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Tomarken.com > Research > Googlewhacking. (03-16-02)
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A few thoughts on Googlewhacking. For those not in the know, the premise of this new search engine nerd-game is simple. Using Google, find pairs of words that return only one result. The player is not allowed to use quotation marks in her query, as Google returns then a phrase, the two words immediately adjacent to each other, and that’s just too easy. Here are some helpful hints from unblinking.com.

  1. Googlefactors must exist in this dictionary. It’s so easy to confirm: Google does the work! In the blue bar atop your Google results, accepted terms are linked to dictionary.com, and so appear ‘underlined.’ No line, no link = Googlejack!
  2. Google also is the arbiter of a whack’s uniqueness. Look to the right end of the blue bar atop your Google results. If you see “Results 1 - 1 of (any number),’ you found exactly one hit = Googlewhack!
  3. Google shows you an excerpt of the page you whacked. Look at that text. If it’s merely a list of words, No Whack For You!

Once the Googlewhack is found, post it on the internet (aka. here at tomarken.com) and then it is gone forever. So what are we supposed to make of all this? My big question, of course, was “Is there any critical precedent for presenting cultural phenomena (with no obvious ‘artist’) as faux-readymade art objects?” How about Dave Hickey? Re-reading his phenomenal book, Air Guitar, again, just to make sure I had the facts straight, I realized that while he was doing this, he wasn’t really meaning to. And even if he was, Googlewhacking goes way beyond customizing cars.

An old note in my copy of Air Guitar reads:

“I am interested in a sedated beauty, a beauty of refined clarity of thought…elegance.
I am not interested in gaudy things, over the top things, aka. German Expressionism. Visually, we don’t need German Expressionism, if we have Norman Rockwell or Aeon Flux.”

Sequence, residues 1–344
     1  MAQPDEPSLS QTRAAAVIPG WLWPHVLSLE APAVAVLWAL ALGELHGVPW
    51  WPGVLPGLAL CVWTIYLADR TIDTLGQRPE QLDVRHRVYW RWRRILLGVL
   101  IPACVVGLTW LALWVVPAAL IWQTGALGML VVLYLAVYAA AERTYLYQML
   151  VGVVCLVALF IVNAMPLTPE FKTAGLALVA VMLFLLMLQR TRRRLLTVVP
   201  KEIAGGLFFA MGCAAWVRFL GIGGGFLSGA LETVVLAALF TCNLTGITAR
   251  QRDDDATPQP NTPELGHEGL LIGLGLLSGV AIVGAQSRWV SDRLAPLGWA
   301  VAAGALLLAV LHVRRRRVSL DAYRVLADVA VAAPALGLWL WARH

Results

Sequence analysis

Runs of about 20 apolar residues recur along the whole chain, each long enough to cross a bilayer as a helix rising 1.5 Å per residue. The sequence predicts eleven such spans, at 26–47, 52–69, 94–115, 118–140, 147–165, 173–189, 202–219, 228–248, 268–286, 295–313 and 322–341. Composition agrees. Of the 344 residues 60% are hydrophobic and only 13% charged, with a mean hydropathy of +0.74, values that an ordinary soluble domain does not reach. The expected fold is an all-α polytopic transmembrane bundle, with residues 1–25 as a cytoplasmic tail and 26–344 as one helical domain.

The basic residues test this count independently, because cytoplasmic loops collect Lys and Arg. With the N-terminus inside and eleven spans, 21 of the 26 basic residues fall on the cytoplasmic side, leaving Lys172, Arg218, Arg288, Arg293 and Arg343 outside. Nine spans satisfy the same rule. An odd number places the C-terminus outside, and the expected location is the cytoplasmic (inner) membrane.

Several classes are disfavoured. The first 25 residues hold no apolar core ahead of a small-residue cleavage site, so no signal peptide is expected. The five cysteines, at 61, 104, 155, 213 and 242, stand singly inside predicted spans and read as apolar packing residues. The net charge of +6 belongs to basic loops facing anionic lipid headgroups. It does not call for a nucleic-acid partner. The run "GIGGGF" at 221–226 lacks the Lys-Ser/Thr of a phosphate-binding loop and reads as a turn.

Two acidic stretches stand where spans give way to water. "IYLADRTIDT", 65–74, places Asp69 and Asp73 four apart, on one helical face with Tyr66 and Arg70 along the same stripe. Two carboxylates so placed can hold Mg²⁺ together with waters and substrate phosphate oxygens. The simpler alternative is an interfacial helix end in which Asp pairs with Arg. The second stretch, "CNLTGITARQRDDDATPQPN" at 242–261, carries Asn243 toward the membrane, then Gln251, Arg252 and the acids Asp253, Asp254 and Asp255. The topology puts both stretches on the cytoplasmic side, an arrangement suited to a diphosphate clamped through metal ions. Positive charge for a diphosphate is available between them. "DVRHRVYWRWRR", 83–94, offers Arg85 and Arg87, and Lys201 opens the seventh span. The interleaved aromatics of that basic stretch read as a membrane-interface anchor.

And as much as I feel everything that Dave says about Liberace, Las Vegas, and tailfins, I can’t help but think that it’s all losing out by the second. A new innovation in design is imminent Dave, and it’s an aesthetic of function. The question at hand, of course, is what we want to see, and what we want to see represented. I contend that what we want to see is changing from the frantic visual experience of a Beckmann (Max), a Barnett Newmann, a Rothko, (godforbid) a Pollock, to the elegant, refined aesthetic of Google.com.

Where we square up, however, is democracy. And folks, Google is democracy. And Googlewhacking is Dave’s hotrodding for the online generation.

Take democracy out of a monetary economy, and put it in an information economy. Leave all the implications of that aside. Stir.

Try Googlewhacking as a folk-perception of metadata - a sort of poignant, however inane fascination forged from a structure so overwhelming that it defies any conventional conceptual understanding. I.e. The question “what does google mean?” is so fucking hard to wrap your brain around, that instead “let’s see if we can add some functionality to it.” That’s what it is. It’s a phenomenon that in comparison to the obnoxious (and I mean that) practicalities of Dave’s world of buying and selling and trading and bullshit, is almost instantaneously discredited as time wasting. But as Dave might say, it’s “promoting rebellion, proposing outrageous reconfigurations and different ideas of how the world should look,” (63) in an information economy.

Now I’m going to take this all maybe one step farther than I should. I contend as such that Googlewhacking parallels the readymade. First off, let’s face it - the people who subsume the traditional cultural role of the artist on the internet are a completely different community than those who assume it in the real world. Dave wouldn’t argue with this. Moreover, since the unaltered found object will be considered a viable art object when placed in an art context, why not the constantly altered net-cultural phenomenon? One of the more general premises of making art in the network is that it can be based on viewers interactively manipulating the piece, see asmp v1.0. Given that this is a relevant premise for a new new-media art, and its based on so many principles that Duchamp himself really started rolling, I feel that this phenomonon is out there for the taking.

As such, on this eleventh day of March, in the year of our lord two-thousand and two, I claim as an art object, and moreover as a critical acheivement, Googlewhacking. The piece is entitled Net-Critical Achievement 1: Googlewhacking & Democracy, and it is © All Rights Reserved, Richard Tebrick, 3.11.2002.

For clarification, I am in no way claiming that I had anything to do with the inception of this phenomenon, moreover, I am not claiming that I had anything to do with the development of this phenomenon. (Other than playing the game, and here is my Googlewhack, my signature on NCA1: “vexillology apologia”.

Richard Tebrick, 3.11.2002.



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